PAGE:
The year T&E was named alongside Putin as one of Europe’s leading climate players
Putin's war on Ukraine has put European transport's addiction to oil at the forefront of geopolitics
In my time at T&E, I never expected to top a list with Vladimir Putin, nor did I want to. Yet that is what happened when Politico named the 28 power players behind Europe’s green agenda.
Putin was nominated because of his barbaric invasion of Ukraine and use of energy as a weapon has spooked Europe to its core. “President Vladimir Putin has achieved something generations of green campaigners could not — clean energy is now a fundamental matter of European security” wrote Politico.
T&E were nominated for very different reasons. “From vehicle fuel efficiency standards to work on clean planes and ships, T&E (…) now find themselves on the winning side of big arguments.”
I abhor Putin and everything he stands for. And yet T&E and Vlad the killer have something in common. We exist because of oil. Oil is what enabled Putin’s rise, out of St Petersburg into the Kremlin. It is what funds his wars. We were never among the Putinversteher. As the below graph shows, T&E have been warning about Putin for many years.
Of course, oil is also Europe’s biggest climate problem, powering all of its transport system. T&E exists to change that.
I am convinced 2022 will be remembered as the beginning of the end for Putin, as well as the beginning of the end for oil. And I’m proud we played a role in both.
Europe Beyond Petroleum
Just days after Russia’s president invaded, T&E called for an embargo on Russian oil (or rather an import tariff). It seemed unthinkable at the time, and yet on December 5th, it was enacted. Thanks to concerted US, EU and UK action, Russian oil now trades under a price cap.
But the structural knockout punch to Putin and his fellow petrodictators was a different one. Cars guzzle up most of Europe’s oil. In 2022 the EU decided to end oil guzzling car and van sales, and hopefully soon also trucks, ultimately this will kill demand for petroleum.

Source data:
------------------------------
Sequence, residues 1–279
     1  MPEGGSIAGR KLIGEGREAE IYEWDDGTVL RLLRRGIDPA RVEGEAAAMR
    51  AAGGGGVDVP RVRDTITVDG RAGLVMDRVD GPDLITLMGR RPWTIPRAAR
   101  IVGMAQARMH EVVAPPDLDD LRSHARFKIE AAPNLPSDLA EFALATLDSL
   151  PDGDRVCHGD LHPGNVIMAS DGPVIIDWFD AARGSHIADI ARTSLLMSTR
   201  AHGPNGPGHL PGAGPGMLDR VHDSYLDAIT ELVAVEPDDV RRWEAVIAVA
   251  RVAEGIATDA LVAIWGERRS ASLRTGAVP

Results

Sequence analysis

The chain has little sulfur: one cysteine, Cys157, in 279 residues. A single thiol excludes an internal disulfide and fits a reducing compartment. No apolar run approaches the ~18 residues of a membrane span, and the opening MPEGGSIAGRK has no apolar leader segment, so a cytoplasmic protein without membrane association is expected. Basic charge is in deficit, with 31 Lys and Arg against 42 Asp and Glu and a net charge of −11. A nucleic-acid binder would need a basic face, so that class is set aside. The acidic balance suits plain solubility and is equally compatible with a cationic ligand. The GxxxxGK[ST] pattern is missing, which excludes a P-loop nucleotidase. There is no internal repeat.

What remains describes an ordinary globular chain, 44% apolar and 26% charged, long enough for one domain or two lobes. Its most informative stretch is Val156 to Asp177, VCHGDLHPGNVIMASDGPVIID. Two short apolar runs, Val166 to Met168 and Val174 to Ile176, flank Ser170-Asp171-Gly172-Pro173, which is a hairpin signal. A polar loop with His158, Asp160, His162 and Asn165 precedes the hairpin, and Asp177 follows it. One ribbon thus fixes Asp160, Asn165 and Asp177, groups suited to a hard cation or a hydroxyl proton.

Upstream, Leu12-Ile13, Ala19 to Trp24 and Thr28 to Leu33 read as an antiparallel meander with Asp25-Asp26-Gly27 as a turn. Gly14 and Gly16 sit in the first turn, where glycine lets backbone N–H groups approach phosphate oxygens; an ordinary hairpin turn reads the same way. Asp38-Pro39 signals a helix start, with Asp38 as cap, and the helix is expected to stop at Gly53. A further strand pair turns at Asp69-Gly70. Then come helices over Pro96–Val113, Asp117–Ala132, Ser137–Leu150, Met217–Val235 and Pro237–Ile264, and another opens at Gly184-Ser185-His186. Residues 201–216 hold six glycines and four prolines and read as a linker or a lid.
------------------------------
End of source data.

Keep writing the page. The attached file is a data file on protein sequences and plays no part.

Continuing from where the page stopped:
It’s hard to overstate the significance of the newly adopted CO2 standards. Ten years ago, the thought that Europe could regulate the combustion engine to extinction was unthinkable. Back in the mid-2000s a top car lobbyist dismissed the very idea we’d one day regulate car CO2 emissions “we can never accept this, and if we won’t accept it, it won’t happen.”
Well it did happen, and most carmakers now accept the only future is a zero emission one.
It’s not just cars and vans that guzzle oil. Trucks, ships and planes account for the other half of EU oil demand.
In 2022 we saw decisive progress on each of those sectors. Shipping’s emissions are now in Europe’s cap and trade system, a global first, and aviation will be subjected to the world’s most advanced clean fuel mandate, and there’s hope something similar is achievable for shipping.
Nothing is won. Ironically 2022 was also the year the oil industry made record profits. A portion of that will surely be dedicated to keeping the world, including Europe hooked on oil. Some in Europe might say getting rid of Russian fossil fuels is good enough, especially once oil and gas prices fall back to prewar levels.
But unless we end our addiction to oil now, it may not be Putin’s but one of his colleagues topping the list of EU Green Deal influencers in 2025. Stand up Mohammed bin Salman.